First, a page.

A friend of mine and I once talked about putting together a book and website about the history of rock music using the metaphor of a forest. The story of rock, we thought, would stem from the performers we were calling the Five Big Trees. It was a horribly simplistic idea, and I think I knew that at the time, which may be why the project never went anywhere. To begin, any reasonable forest of rock ’n’ roll would of course have more than five big trees. But one of the things we got right was naming Buddy Holly as one of those big trees. First, the music he released in his tragically short career remains interesting and vital today. It should also be noted that he pretty much invented the idea of a group that not only wrote its own songs but also had a great deal of influence over the production of its records in the studio. “Rave On” was one of Holly’s lesser hits – it went to No. 37 in the summer of 1958 – but to me, it holds all of the virtues of Holly’s music: a good beat, cogent lyrics, a strong melody and that idiosyncratic hiccup:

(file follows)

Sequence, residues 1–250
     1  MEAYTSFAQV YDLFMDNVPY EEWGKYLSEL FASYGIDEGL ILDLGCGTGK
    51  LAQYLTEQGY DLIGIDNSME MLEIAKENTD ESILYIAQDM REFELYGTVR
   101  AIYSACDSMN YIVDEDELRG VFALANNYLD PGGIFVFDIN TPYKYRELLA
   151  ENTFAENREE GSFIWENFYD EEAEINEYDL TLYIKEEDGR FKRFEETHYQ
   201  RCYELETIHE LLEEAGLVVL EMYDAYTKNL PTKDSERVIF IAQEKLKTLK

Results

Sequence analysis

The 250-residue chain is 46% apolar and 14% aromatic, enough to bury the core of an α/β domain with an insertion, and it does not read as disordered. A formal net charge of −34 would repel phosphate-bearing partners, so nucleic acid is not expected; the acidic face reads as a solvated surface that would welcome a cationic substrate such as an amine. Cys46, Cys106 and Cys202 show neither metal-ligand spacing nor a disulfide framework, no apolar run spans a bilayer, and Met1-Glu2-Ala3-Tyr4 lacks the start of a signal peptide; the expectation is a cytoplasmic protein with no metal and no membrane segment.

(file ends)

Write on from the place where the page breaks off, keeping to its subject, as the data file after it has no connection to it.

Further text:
Marmalade’s “Reflections of My Life” is the song that puts me in my room with my radio. I remember sitting up on my bed reading when these simple and melancholy chords came out of the speaker, followed by drums, a liquid bass line and some of the saddest lyrics I’d ever heard. A Scottish group, Marmalade released albums through the 1970s and on into the ’80s, but until a couple of years ago, I don’t know that I’d ever heard anything by the band but its one hit. “Reflections of My Life” went to No. 10 in the spring of 1970 and, beyond the trigger of memory, still sounds interesting today. (I find it odd that All-Music Guide begins its entry with the statement: “Marmalade is . . . best remembered today for one record, their cover of the Beatles’ ‘Ob-La-Di, Ob-La-Da’.” That’s not the universe I live in; is it that way for anyone else?)